There is some dumping of general waste next to the gate house area which should be removed.

photograph by Cassy Sheasby.

Dumping near the gate house in August 2012.

  • The back flooding on Sunrise Blvd (caused by Eucalyptus branches and leaves blocking the stormwater drains) caused water to back up and the breaking of the blockage caused a massive storm surge of water to wash down the stormwater drain closest to the entrance gate. This has now lead to water erosion along the pathway. Eucalyptus leaves are high in aromatic oils and are acidic. A large number of leaves washed into the conservation area through the stormwater drains from Sunrise Boulevard. These leaves when they decompose have a negative effect on the soil pH and quality and can lead to a decline in invertebrate species. Where possible Eucalyptus leaves should be prevented from entering the conservation area to prevent a possible decline in invertebrates or any negative impacts on soil properties. Litter catch nets will assist in preventing leaves from being scattered along the stormwater course in the conservation area and assist in cleaning operations.
    The stormwater deluge from the heavy rain eroded a large portion of the path way close to the gate house away. This was inspected and some remedial work was done to the path way to try and drain the flooded path, however the path was laid in the lowest lying area of that section and this is where the water would naturally drain to. It is recommended that either the pathway is moved to the informal pathway that runs along the houses to the gate house or that a boardwalk is placed over the affected area as this will continue to flood in high rainfall events. The best solution would be to move the pathway and rehabilitate the area where the path currently lies. This issue will be raised with the Managing Agent and discussed. If the Trustees decide that a boardwalk is the desired solution, then erosion mitigation measures with geotex or sandbags under the boardwalk will be required to prevent further erosion from taking place. Drainage channels could be cut in the higher lying sections of the pathway, however this will not prevent water from collecting at the lower lying section of the path as this runs through a natural depression which collects rainwater.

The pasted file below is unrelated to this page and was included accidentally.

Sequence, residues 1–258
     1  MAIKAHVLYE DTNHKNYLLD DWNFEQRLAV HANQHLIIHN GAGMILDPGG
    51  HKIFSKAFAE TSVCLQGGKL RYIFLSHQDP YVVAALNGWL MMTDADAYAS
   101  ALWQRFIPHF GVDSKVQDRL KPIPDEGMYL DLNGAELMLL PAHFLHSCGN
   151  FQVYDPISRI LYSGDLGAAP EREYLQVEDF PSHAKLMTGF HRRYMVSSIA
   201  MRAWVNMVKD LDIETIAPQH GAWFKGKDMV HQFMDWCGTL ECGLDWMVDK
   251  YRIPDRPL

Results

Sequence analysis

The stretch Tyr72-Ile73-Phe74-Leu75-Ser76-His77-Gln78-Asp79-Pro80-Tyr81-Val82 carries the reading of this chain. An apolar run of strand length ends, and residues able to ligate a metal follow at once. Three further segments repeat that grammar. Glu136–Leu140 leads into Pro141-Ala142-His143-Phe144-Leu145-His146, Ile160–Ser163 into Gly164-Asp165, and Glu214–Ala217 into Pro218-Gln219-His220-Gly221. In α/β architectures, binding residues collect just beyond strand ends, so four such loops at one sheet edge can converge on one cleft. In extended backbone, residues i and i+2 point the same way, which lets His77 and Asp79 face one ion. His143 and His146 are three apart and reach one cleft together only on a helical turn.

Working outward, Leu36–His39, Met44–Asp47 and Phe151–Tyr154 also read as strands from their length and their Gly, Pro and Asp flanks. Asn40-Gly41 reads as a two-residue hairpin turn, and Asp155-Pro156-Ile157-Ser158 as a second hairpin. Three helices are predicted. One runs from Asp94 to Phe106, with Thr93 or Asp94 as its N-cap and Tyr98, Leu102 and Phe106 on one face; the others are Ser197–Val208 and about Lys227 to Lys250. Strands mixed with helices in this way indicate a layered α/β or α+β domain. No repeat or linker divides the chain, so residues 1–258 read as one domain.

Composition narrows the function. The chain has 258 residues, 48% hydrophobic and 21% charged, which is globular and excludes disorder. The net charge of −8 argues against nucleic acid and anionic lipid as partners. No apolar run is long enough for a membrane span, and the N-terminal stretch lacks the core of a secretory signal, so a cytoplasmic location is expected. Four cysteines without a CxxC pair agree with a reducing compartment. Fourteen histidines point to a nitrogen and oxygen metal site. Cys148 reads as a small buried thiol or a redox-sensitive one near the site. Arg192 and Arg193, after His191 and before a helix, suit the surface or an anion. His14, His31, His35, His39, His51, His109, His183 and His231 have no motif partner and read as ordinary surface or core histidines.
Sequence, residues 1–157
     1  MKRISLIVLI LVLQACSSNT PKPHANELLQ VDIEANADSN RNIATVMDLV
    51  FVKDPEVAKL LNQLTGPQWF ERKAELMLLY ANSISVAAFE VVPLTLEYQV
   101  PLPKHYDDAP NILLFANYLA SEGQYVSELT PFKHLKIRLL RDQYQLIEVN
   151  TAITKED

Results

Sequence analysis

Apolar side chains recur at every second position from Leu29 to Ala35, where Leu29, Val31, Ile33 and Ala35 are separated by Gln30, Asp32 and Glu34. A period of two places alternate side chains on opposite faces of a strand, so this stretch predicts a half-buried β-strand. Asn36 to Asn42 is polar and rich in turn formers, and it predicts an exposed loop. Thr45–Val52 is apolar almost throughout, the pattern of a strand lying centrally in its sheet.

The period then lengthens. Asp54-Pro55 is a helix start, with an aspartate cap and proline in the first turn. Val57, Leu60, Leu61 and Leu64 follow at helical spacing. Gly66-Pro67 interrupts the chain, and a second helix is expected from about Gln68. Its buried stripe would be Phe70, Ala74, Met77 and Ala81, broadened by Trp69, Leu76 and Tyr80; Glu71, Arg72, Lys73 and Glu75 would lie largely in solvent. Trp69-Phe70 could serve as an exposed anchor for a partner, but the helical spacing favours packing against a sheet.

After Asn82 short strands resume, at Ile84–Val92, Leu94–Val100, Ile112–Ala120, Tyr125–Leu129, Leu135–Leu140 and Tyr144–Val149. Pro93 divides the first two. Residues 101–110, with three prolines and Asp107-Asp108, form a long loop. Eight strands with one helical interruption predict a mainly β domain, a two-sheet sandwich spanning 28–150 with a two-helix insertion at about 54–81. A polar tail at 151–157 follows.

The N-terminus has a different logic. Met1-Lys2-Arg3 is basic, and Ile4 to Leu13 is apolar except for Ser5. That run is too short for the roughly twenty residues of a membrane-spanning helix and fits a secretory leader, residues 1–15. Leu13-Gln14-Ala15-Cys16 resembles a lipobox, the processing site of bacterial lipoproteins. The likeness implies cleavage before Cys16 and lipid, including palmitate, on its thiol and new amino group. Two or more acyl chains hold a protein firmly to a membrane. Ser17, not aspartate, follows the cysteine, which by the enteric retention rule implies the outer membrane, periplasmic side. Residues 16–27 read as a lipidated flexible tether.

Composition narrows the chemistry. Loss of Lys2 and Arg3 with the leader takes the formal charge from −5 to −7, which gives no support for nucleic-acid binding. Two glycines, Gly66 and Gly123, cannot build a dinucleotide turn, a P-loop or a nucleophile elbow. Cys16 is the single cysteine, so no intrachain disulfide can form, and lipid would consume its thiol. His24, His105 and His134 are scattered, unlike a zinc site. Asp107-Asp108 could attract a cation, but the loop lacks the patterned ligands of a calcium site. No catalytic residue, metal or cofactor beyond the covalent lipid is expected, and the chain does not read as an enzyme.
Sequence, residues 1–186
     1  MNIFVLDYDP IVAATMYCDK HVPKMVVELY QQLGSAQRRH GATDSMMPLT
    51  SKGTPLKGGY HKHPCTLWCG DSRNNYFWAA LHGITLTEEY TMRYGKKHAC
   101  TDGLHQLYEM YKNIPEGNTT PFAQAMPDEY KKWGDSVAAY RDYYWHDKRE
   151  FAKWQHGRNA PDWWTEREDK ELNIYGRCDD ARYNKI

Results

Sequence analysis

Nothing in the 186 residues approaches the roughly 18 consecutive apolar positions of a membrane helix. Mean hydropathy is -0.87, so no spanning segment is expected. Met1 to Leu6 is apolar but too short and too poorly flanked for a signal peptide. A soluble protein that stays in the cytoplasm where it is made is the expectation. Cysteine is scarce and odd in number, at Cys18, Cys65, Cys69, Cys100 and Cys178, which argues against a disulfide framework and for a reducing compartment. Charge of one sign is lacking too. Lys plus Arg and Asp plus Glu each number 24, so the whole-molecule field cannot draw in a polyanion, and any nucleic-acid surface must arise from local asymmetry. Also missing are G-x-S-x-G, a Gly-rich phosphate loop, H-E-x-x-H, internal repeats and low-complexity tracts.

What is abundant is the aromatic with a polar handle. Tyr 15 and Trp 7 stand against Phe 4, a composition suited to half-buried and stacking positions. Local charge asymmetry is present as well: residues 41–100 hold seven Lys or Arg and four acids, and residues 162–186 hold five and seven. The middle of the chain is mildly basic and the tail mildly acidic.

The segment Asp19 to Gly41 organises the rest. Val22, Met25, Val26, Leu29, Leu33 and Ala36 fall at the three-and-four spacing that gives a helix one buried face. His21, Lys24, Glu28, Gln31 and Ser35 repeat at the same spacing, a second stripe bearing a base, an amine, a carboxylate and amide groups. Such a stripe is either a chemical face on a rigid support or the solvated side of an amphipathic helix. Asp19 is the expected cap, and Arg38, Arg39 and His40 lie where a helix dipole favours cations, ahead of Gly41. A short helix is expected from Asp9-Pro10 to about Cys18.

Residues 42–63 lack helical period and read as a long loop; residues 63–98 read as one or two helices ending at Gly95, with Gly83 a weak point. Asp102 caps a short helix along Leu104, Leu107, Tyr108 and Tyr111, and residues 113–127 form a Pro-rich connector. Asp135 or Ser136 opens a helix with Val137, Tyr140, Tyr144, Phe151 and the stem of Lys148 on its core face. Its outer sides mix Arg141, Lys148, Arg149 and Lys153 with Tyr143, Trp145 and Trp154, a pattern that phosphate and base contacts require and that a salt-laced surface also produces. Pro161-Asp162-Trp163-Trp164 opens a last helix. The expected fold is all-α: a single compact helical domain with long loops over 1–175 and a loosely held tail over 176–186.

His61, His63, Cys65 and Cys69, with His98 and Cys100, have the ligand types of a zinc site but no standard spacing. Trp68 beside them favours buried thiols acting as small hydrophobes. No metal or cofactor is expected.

photograph by Cassy Sheasby.

Erosion occurring along the pathway close to the gatehouse on 29/08/2012.

photograph by Cassy Sheasby.

The Eucalyptus leaves and debris coming into the conservation area
from the gatehouse stormwater drain 29/08/2012.


graph by Cassy Sheasby.

Reading taken on 23/08/2012.


  • See the data lists updates for the latest updates.


Muizenberg East Private Nature Reserve.

  •  Invasive Alien Vegetation:
    The alien vegetation on the proposed development footprint needs to be removed as it is encouraging illegal activities (drug dealing, theft, prostitution and vandalism) as well as posing a threat to the conservation area. The trees are reaching the size where they will start to flower soon and set seed. The majority of CARA listed invasive plants consist of Acacia saligna (Port Jackson), Acacia cyclops (Rooikrans), Pennisetum clandestinum (Kikuyu grass) and many herbaceous weedy species and other invasive annual grasses. Herbicide must be used on cut stump application and the Kikuyu sprayed with a Glyphosate based application to ensure that coppicing or regrowth is prevented.
  • Fire management:
    The alien vegetation and grass that is becoming dominant on the development footprint of this land is causing a fire hazard to the conservation area and surrounding properties. A large brush-pile has also been stacked on the north western side of the development and the responsible party is unknown. The fire department will be contacted regarding this issue.

Sunrise Villas Conservation Corridor. 

  • Alien vegetation was removed from the inside conservation area on 17th and 23nd August. The species consisted of Acacia cyclops (Rooikrans), Acacia saligna (Port Jackson), Myoporum tenuifolium (Manatoka) and Lavatera arborea (Tree Mallow). Herbicide was applied to the cut stumps of larger trees (as per best standards) and small plants were removed by hand pulling.